In the world of gardening, there are many divisions: tropical and cold-hardy, evergreen and deciduous, sun-loving and shade tolerant. For many home gardeners, an invisible line exists between ornamental and edible.

9781591866275Although the gulf between ornamental and edible plants has become fainter in recent years, many people still harbor a prejudice against edibles. They are often regarded as sprawling, ugly, nutrient-greedy and requiring more work since many are annuals (which means they must be replaced every season). Pretty plants go in the front yard, and the vegetable garden is out back behind the garage.

A new book by Vermont-based Charlie Nardozzi called Foodscaping (Cool Springs Press, $24.99) offers a practical way to incorporate edible plants – beans, squash, herbs, berries, greens and more – into a “pretty” landscape.

In Foodscaping, Nardozzi – well-known garden writer, speaker and media personality – urges gardeners to desegregate the garden. “This is not about a total garden overhaul,” he writes. “This is merely a touch-up.”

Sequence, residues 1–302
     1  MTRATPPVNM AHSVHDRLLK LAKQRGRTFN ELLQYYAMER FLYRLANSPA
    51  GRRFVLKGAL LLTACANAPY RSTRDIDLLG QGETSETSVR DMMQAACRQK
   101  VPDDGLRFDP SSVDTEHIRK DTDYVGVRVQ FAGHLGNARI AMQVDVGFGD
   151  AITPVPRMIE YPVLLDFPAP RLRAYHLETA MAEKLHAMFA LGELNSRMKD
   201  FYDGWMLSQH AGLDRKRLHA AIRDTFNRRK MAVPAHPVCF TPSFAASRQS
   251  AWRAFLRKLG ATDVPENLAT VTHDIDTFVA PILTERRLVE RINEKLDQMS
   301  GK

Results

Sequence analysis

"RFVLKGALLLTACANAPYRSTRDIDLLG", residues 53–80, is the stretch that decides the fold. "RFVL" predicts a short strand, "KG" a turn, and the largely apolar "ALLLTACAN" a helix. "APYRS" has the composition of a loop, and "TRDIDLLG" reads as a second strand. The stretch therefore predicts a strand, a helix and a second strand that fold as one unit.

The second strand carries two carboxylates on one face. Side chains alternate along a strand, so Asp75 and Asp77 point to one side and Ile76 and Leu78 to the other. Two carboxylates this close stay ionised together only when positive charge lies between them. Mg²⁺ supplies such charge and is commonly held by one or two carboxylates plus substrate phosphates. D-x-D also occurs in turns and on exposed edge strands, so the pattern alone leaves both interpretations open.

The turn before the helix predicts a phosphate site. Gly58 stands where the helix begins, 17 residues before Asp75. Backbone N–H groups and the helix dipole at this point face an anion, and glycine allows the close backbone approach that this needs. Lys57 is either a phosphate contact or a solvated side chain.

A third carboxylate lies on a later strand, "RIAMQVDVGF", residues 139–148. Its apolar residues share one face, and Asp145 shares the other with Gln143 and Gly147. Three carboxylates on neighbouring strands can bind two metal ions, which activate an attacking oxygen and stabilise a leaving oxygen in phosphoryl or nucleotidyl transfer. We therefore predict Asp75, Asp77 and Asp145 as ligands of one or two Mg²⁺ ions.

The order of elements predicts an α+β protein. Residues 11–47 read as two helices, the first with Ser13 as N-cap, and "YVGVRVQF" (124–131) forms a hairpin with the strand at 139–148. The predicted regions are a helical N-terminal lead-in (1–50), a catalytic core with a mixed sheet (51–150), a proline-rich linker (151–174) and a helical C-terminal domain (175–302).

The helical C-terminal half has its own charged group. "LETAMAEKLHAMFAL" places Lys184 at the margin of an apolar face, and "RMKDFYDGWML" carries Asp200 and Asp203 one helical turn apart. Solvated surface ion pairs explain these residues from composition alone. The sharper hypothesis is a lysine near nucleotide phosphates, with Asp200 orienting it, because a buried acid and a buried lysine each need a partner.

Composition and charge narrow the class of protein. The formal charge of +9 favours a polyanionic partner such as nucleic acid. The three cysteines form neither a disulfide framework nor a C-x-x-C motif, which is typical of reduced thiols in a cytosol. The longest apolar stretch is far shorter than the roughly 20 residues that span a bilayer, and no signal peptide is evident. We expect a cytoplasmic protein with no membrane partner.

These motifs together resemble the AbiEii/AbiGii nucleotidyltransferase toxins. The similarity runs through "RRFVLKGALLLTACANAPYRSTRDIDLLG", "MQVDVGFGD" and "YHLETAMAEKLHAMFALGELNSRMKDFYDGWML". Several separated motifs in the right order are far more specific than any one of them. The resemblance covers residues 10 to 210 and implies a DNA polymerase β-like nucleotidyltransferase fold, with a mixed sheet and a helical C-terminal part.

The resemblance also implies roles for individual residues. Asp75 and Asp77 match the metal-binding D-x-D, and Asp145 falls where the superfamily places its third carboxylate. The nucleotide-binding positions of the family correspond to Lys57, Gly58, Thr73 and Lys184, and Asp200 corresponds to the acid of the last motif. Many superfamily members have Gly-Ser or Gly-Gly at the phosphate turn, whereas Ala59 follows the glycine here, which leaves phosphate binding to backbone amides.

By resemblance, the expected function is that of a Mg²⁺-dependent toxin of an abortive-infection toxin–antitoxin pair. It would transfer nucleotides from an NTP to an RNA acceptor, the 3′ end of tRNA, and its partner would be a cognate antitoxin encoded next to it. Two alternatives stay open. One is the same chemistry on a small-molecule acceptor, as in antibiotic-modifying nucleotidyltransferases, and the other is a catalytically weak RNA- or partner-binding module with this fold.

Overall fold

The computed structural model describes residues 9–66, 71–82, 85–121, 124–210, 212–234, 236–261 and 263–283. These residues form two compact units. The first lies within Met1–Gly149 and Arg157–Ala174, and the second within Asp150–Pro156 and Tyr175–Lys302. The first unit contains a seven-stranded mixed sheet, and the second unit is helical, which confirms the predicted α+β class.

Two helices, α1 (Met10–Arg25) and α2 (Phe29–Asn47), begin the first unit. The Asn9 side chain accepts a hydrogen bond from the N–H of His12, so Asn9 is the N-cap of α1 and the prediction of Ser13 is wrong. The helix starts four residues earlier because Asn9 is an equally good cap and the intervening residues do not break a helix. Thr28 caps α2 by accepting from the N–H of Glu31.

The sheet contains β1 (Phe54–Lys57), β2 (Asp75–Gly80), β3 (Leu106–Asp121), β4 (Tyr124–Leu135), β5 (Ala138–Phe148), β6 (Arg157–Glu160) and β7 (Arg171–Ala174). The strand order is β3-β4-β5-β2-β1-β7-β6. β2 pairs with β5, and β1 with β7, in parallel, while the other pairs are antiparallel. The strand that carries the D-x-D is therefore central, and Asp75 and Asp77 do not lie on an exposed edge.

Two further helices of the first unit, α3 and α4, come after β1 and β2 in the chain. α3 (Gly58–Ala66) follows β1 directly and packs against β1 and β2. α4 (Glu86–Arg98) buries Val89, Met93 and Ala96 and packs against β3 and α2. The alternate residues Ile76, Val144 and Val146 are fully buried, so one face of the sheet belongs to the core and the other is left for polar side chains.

Among his suggestions:

— Use fruit trees (citrus loves Houston) to protect shade-loving impatiens and begonias.

— Incorporate blueberry shrubs as an anchor in the back of the perennial garden

— Plant rosemary as a loose hedge. (Yes, it can get that big.)

— Train grapevines to grow up the patio trellis and provide shade.

— Interplant lettuces into annual borders.

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— Choose dwarf or bush tomatoes, which are neater than old-style vining tomatoes that become ratty-looking by mid-summer.

— Add height to your garden by providing peas and beans an attractive trellis or fence to grow up and around.

— Pick and eat your plants. Many greens – kale, Swiss chard, cabbages – are already widely used in Houston landscapes. Take a lesson from such displays, but be sure to harvest!

— Choose hot-weather favorites that have unusually beautiful fruits. Eggplant, for example, come in many varieties aside from the huge purple-black fruits found in the supermarket. Some bear white, pink, even striped fruits. The plants, by the way, are beautiful on their own or when planted among marigolds.

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Although this book is not written specifically with the Gulf Coast’s challenging climate in mind, there are many applicable tips here, as well as photos to inspire you.

Start small, urges Nardozzi. Place the right plant in the right place – and only those you and your family prefer to eat.